Since we first reported this issue, the situation has moved forward. Discussions are ongoing with between the industry and the state government and it has been garnering mainstream media coverage too. For the latest, scroll down.
It's been a rough year for pretty much everyone in the beer and hospitality industries, with those in Victoria doing it tougher than most.
The adaptations and innovations of March and April helped many brewers reach drinkers in new ways as many switched to or increased their packaged output, launched online stores, and repurposed staff as delivery drivers. Yet, for those with hospitality as part of their offering, the double lockdown – which remains in place across the extended Metro Melbourne region – has put a significant hole in their businesses.
So when the Victorian state government announced grants of up to $30,000 were on offer as part of the $251 million Licensed Hospitality Venue Grants program, it was welcome news. At least until the program opened last week and brewery owners jumped online to apply: the majority of breweries in Victoria operate their venues and tap rooms under a producer's license – a type of license currently excluded from the program.
Among those to have found themselves locked out from the government grants is Boatrocker co-owner Matt Houghton.
"We've got a venue that holds a hundred people," he told The Crafty Pint. "We're a hospitality venue serving food and have been shut for all but four weeks since March 23."
He's been in contact with various state government departments in recent days and says: "The frustrating thing is trying to get a clear answer from someone; they're not at all forthcoming. If we're not eligible then why not? That's my big question.
"It's either been deliberately omitted or it's an oversight, but either is unacceptable."
He points out the government's willingness to bend the rules earlier in the nationwide venue shutdown to allow pubs and bars to offer takeaway services without the right licenses, while the ATO recently said it wouldn't enforce compliance against businesses offering growlers and other repackaged takeaway alcohol in areas impacted by COVID-19 restrictions until at least early next year.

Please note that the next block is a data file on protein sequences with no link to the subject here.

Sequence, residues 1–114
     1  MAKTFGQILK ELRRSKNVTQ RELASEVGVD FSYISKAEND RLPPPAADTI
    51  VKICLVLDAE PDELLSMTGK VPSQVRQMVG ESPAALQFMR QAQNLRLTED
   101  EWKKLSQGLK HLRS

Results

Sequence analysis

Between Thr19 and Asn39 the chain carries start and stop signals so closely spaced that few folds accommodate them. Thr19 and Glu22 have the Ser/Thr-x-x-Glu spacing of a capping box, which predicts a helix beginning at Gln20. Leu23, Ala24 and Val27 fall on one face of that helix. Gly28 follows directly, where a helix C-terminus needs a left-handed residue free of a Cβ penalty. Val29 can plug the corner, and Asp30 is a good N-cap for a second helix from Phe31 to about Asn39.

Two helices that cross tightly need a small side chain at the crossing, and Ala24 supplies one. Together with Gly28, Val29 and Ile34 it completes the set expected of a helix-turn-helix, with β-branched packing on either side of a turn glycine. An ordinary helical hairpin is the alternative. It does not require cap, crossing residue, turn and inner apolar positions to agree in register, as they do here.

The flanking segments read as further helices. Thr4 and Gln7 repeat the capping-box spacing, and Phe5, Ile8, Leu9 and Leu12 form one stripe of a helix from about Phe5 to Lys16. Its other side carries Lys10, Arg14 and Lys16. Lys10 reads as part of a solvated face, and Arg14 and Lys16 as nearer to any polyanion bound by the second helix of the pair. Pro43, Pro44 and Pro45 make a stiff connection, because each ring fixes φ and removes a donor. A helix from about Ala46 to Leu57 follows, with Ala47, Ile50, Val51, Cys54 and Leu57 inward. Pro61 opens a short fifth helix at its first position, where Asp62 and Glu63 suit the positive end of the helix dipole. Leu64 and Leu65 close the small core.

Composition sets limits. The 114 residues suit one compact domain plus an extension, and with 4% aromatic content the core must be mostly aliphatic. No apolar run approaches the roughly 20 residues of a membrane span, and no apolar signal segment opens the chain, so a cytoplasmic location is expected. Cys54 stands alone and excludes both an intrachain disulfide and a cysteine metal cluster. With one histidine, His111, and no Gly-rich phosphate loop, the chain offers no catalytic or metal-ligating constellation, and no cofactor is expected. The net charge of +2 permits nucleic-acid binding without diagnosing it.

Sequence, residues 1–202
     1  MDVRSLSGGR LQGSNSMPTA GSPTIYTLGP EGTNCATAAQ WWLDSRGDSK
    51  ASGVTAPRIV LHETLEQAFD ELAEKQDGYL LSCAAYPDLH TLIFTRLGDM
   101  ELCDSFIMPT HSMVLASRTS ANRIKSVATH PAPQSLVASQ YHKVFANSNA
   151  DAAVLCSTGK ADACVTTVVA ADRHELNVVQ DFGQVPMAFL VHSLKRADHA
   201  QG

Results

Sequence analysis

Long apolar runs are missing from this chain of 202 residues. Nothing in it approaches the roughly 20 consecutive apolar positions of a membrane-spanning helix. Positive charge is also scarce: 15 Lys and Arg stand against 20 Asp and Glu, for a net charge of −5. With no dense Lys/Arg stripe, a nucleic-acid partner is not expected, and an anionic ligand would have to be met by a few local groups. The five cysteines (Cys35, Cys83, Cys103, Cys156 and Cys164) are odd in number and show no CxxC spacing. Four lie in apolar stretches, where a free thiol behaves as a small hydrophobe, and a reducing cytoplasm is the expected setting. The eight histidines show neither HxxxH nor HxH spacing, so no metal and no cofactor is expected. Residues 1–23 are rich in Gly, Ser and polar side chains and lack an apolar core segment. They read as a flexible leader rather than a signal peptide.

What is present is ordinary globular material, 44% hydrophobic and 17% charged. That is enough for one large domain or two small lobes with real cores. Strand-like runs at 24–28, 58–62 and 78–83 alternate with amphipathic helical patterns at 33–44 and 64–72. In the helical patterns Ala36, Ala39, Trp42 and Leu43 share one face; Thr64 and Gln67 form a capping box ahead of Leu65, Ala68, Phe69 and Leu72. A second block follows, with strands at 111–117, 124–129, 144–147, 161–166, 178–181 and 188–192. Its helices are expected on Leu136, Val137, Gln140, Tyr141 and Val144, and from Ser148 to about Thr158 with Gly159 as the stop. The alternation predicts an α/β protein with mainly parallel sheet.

"If they can do that for them, then why can't they let us apply for this grant?" Matt adds. "Twenty thousand dollars [the level of grant on offer to eligible venues the size of Boatrocker's Barrel Room] is a lot of money, especially when they are introducing a lot of new regulations, such as social distancing, more people outdoors, and we need to invest in more hand sanitiser stations, signage, umbrellas, furniture, contactless apps..."
He's not alone in seeking answers. Mirek Aldridge of The Mill Brewery in Collingwood has taken his frustrations at a lack of answers to the state government's social media pages, while the Independent Brewers Association's GM Kylie Lethbridge says she spoke to people in seven different government departments last Friday.
"No one is willing to make a call to say they left it off the list," she says. "It shows a complete lack of understanding of how these industries work.
"It's the only fund the vast majority of our members are actually eligible for unless they're running a different business model. Breweries [with their own venues] aren't any different to bars or cafés, they just have different licenses."
Kylie says she's hopeful they'll find a solution for members with Business Victoria, while Matt is one of many brewery owners waiting on good news.
"We're still paying rent, utilities and insurance, and have staff we need to look after," he says. "The $5k grant to help setup for outdoor dining won't go very far.
"If we're able to apply for the Licensed Hospitality Venue Fund, it would be massive. It will allow us to purchase more venue equipment, pay rent and be COVIDSafe when we're allowed to reopen."
We received a response, with a state government spokesperson saying: “We know that breweries have experienced a reduction in revenue due to coronavirus restrictions but unlike pubs, many have been able to continue to wholesale and retail their products.
“Some breweries hold multiple liquor licences, which means those operators may be eligible for a grant through the Licensed Hospitality Venue Fund.
“We encourage all businesses in every sector to examine grant criteria to see what support they may be eligible for.”
Since then, the IBA has put out a call to Victorian brewers to find out how many do operate only under the producer's licence. Brewers are encouraged to contact Kylie direct via email.
She says they are now aligned with the wine industry, regional tourism boards and the Victorian Tourism Industry Council on the issue and is encouraging brewers to raise the issue with their local MPs.
At his daily COVID-19 briefing, Victorian Premier Daniel Andrews was asked about the issue by a Channel 10 reporter and promised his office would look into it.
"I will do that for them and for everybody who enjoys craft beer, of which there are many, many people," he said, pointing out he was receiving a thumbs up from a cameraman at the back of the room.
"It's a thing; it's a big thing. They are the best of their kind in the world, I'm told."
A government spokesperson told The Crafty Pint: “We know that breweries have suffered significant impacts and we continue to talk to the industry.
“Breweries that hold a separate liquor licence in addition to a producers licence may be eligible for a grant through the Licensed Hospitality Venue Fund. In addition, breweries that hold a food Certificate of Registration may be eligible for a $5,000 grant through the Outdoor Eating and Entertainment Package."